Guest Contributor
February 25, 2000

Inadequate public funding for information and communications technologies (ICT) research at the university level is drying up the discovery pipeline and threatening one of the fastest growing sectors of the Canadian economy, says a new study sponsored by the Canadian Institute for Telecommunications Research (CITR). The situation is not likely to improve in the near term given the apparent one-year deferral of a $350-million, five-year funding proposal delivered to government late last year for inclusion in this year's Budget.

Entitled Assessing the Adequacy of Public Funding of ICT-related R&D in Canada, the study makes a strong case for a dramatically increased public spending for ICT R&D. It bases its argument on an extensive "spillover" analysis of R&D activity, with public funding of R&D tied to the degree to which the benefits of the R&D spill over to other sectors. If the spillover benefit of an R&D activity is 40% (the economy-wide average), it concludes that public support should account for the same ratio. In the case of ICT R&D - electrical engineering and computer science and engineering - non-for-profit sources account for just 26.2% of funding (as of 1995), creating a serious imbalance for the sector.

"The federal government is not honouring in practice its policy commitment to R&D in the ICT sector. … The for-profit ICT sector is being starved of the investment in upstream basic research, discoveries, and people that nourish its own research efforts, thus impeding its capacity for future innovation and competitiveness."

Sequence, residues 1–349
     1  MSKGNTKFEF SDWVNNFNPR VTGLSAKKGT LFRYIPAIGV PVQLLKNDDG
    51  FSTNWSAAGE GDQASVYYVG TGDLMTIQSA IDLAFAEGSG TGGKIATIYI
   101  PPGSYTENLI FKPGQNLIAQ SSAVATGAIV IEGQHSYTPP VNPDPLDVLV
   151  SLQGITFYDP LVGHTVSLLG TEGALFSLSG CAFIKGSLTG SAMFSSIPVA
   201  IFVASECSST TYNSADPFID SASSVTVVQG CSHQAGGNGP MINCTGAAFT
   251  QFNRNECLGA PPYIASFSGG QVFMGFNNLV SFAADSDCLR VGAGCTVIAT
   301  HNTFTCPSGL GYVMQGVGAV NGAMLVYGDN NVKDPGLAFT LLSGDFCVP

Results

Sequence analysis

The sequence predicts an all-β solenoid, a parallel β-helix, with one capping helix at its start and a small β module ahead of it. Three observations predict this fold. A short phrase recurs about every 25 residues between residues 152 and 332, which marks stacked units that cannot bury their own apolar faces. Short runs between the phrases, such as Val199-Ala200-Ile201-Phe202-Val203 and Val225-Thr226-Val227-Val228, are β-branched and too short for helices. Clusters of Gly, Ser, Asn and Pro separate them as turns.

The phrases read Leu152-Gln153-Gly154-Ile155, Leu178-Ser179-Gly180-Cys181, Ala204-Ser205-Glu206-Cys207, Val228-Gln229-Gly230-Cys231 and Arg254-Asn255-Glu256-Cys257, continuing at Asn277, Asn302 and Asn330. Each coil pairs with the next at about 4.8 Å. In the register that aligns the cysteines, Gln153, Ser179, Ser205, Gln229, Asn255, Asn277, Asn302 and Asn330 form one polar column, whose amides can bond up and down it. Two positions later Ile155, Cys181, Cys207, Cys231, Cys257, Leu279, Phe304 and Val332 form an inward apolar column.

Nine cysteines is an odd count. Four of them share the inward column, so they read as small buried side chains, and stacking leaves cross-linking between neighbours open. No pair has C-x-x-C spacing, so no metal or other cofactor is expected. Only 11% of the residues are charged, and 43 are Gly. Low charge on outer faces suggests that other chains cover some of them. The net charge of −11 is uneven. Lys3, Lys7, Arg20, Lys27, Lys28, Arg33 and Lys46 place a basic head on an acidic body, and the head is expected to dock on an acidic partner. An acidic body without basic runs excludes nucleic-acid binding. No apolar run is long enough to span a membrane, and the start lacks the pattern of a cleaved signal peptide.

Exacerbating the situation is significant underfunding of the sector by the Natural Sciences and Engineering Research Council (NSERC). The report contends that disciplines underpinning the raw materials sector receive funding far in excess of the private/spillover ratio of 60/40, despite anecdotal evidence that spillover from the ICT sector is greater than from others.

"The proportion of NSERC grants distributed to ICT disciplines … is less than half that of those awarded in raw materials-based disciplines … despite comparable research costs, and has barely grown at all in relative terms," states the report. Granting priorities in NSERC are virtually unchanged from a decade ago, making one wonder when, if ever, federal R&D priorities are going to adjust to the ICT-driven economic revolution currently sweeping the world."

To address the underfunding crisis, CITR commissioned the study and followed it up with a proposal to government championed by Peter Nicholson, BCE Inc's chief strategy officer and chair of CITR's board of directors. Sources close to the bid say decision to formally propose more funding for ICT R&D came too late in the Budget cycle for serious consideration, although senior government officials are apparently open to discuss the sector's R&D funding needs. A similar scenario unfolded for a parallel bid by the microelectronics sector, which formed a consortium to lobby for $160 million in R&D funds over five years through NSERC (R$, December 22/99)..

Regroup for next Budget cycle.

It's expected both groups will use the additional time to adjust and refine their bids, possibly coming together with a joint proposal given the inclusion of microelectronics in the ICT sector. CITR is also preparing a comprehensive plan to determine the ICT sector's future requirements for highly qualified personnel. It's anticipated that undergraduate enrolment in the relevant disciplines will double over the next 5-7 years, necessitating a commensurate increase of faculty over the same timeframe.